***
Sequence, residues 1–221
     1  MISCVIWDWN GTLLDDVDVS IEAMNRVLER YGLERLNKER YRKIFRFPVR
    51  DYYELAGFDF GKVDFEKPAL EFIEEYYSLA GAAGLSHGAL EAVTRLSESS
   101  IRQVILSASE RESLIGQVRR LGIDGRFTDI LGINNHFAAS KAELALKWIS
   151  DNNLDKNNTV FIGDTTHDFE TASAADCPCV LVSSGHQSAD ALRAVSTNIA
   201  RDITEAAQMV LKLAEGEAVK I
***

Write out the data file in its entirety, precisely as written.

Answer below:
Sequence, residues 1–221
     1  MISCVIWDWN GTLLDDVDVS IEAMNRVLER YGLERLNKER YRKIFRFPVR
    51  DYYELAGFDF GKVDFEKPAL EFIEEYYSLA GAAGLSHGAL EAVTRLSESS
   101  IRQVILSASE RESLIGQVRR LGIDGRFTDI LGINNHFAAS KAELALKWIS
   151  DNNLDKNNTV FIGDTTHDFE TASAADCPCV LVSSGHQSAD ALRAVSTNIA
   201  RDITEAAQMV LKLAEGEAVK I